Twitter just picked up another $200 million in outside funding, and the $4 billion valuation is no longer rumored – and it’s actually $3.7 billion (but who’s counting, right?). In addition to the influx of capital, Twitter has also picked up two new board members, one of whom has some experience in the big leagues. It looks like things are going to get interesting for the social media platform in 2011.
The latest financing round was led by Kleiner Perkins and included Union Square Ventures, Benchmark Capital, Spark Capital and others. It brings the total raised by Twitter to an astounding $360 million in the past half-decade. Kleiner’s John Doerr was said to be looking hard for an inroad and was “pushing hard to fund Twitter, beating out Russia’s DST Global,” according to Kara Swisher of AllThingsD. DST has a major stake in Facebook.
So, what could Twitter do with this cash? Well, the sky’s the limit, it seems. When Twitter received its last infusion, word got out that they sat on most of the $100 million for a long time … and that was only a little over a year ago. Then, in 2010, the company added headcount, products and revenue streams aggressively. At this point, Twitter does not resemble the company it was a year ago, called by Alex Salkever of DailyFinance a “glorified SMS service, plain and simple.”
Now, Twitter’s pulled in twice the cash it raised in its last round and has a robust new platform to push out into the world. The company should be focused on investing the $200 million in strategies that will take it to the next level – i.e., some sort of liquidity event. So, Twitter, if you’re watching, here’s what I would do:
1. Infrastructure: Twitter has gotten a lot better over the past year; at least I haven’t been seeing the “fail whale” nearly as much. But, this doesn’t mean that Twitter can kick back when it comes to the technology that keeps it moving. There are still too many hiccups, and that simply has to change.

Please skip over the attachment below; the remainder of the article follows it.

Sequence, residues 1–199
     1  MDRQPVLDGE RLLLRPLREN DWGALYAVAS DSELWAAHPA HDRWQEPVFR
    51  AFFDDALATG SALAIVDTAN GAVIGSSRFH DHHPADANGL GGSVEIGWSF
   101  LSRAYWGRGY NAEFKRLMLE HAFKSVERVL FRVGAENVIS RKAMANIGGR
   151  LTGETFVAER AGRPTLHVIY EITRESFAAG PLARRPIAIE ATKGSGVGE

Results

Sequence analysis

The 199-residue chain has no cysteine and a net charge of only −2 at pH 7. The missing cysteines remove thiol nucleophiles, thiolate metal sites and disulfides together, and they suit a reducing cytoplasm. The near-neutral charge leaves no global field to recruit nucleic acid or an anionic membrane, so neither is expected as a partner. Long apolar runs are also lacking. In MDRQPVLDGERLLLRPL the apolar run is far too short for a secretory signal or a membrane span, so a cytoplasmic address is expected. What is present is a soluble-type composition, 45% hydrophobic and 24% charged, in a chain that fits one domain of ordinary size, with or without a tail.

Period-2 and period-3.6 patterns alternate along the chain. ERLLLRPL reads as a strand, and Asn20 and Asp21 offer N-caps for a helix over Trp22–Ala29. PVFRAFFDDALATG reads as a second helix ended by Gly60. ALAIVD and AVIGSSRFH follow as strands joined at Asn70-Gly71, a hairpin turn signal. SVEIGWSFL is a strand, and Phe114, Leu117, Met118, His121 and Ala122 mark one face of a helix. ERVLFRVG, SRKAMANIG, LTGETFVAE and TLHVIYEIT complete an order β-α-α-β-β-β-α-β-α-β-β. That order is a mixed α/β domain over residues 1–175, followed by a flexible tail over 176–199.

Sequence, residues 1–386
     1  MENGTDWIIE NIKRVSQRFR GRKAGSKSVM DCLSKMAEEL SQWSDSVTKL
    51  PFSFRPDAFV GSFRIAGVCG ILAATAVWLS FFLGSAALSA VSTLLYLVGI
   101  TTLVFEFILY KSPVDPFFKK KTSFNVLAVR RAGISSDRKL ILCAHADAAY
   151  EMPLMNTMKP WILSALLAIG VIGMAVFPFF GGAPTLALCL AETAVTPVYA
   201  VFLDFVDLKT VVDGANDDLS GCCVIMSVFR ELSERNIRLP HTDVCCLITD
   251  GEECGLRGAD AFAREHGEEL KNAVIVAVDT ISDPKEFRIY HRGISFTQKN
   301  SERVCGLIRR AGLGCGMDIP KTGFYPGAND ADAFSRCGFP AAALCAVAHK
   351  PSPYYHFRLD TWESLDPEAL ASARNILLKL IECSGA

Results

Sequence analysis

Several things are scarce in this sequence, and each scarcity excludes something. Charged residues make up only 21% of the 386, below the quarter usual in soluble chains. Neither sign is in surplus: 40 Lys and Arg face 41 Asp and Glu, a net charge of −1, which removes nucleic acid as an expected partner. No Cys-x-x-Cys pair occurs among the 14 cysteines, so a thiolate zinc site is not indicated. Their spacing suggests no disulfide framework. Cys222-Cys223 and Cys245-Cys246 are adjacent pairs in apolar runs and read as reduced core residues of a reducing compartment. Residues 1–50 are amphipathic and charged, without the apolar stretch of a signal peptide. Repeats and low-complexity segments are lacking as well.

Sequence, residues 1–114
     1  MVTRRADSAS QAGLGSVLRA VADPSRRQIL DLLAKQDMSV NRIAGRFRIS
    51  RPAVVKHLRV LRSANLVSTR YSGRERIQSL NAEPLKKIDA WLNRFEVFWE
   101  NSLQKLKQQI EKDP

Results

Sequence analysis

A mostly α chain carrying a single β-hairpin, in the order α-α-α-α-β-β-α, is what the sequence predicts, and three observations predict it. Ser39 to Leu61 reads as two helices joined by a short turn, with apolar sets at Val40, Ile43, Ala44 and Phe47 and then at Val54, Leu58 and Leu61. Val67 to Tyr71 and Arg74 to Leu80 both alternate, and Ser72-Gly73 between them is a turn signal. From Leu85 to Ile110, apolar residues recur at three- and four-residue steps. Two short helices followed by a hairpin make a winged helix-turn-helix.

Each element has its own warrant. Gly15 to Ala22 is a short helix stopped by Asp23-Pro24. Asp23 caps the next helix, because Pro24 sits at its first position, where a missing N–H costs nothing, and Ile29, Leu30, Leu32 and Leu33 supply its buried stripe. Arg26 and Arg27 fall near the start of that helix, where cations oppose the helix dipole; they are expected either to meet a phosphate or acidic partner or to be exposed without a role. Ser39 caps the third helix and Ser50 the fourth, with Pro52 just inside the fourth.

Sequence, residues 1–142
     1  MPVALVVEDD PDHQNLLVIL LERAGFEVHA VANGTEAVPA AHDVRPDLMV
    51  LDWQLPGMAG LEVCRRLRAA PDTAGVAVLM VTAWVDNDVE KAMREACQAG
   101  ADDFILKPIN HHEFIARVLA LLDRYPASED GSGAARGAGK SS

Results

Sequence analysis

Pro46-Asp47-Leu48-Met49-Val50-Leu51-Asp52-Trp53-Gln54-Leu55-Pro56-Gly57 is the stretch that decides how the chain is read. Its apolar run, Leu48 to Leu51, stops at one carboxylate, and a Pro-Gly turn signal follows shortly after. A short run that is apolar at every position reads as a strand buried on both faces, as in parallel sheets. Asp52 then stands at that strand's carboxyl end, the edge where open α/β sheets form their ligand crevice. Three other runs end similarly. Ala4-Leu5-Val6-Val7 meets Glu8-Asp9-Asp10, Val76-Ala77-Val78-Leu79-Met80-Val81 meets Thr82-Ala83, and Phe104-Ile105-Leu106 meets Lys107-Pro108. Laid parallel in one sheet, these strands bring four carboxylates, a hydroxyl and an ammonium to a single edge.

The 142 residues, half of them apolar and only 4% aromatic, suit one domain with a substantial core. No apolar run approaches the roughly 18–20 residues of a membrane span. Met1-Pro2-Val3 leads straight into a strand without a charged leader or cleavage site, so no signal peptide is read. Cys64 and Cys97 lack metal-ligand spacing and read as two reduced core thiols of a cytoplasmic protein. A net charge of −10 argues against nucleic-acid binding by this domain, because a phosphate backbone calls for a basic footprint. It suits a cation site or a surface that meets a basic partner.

2. Analytics: a quick look at Twitter’s new “Start Advertising” page on its revamped business section shows that analytics are available for advertisers. For the most part, the dashboard shown on the page doesn’t give you much more than you could patch together with the likes of HootSuite or Topsy and Google Analytics (as long as you’re linking back to your own web properties). The “Timeline Activity,” though, looks to be more robust. Analytics has always been the missing link for business users, and I suspect it’s safe to assume that whatever Twitter has isn’t enough. This is the key to corporate use – whether for advertisers or otherwise.
3. Self-Service: it looks like Twitter is in the early stages of this, and it needs to go the rest of the way. Advertising self-service opens the door to large numbers of small clients who wouldn’t be worth the Twitter sales force’s time under the traditional people-intensive sales model. This is a great way to make small pennies add up to big dollars quickly.
4. Acquisitions: Twitter has done a bit of buying this year, and it needs to do more. Instead of developing its own solutions to compete with its application ecosystem (such as smartphone apps and analytical capabilities), the company should accelerate its new feature growth through acquisitions and redeploy its focus to net new capabilities that will advance the company in the marketplace (e.g., adding rich media to the tweet stream).
5. Preparation: if Twitter can get its revenue act together, even if it doesn’t attain profitability, it is likely to become a much more attractive takeover target. The company should really start to position itself for some sort of liquidity event, and the consensus among Twitter-watchers (prudently) appears to be acquisition rather than IPO. Twitter needs to identify any gaps in its service offering and fill them to look its best to a potential suitor at an absurd valuation.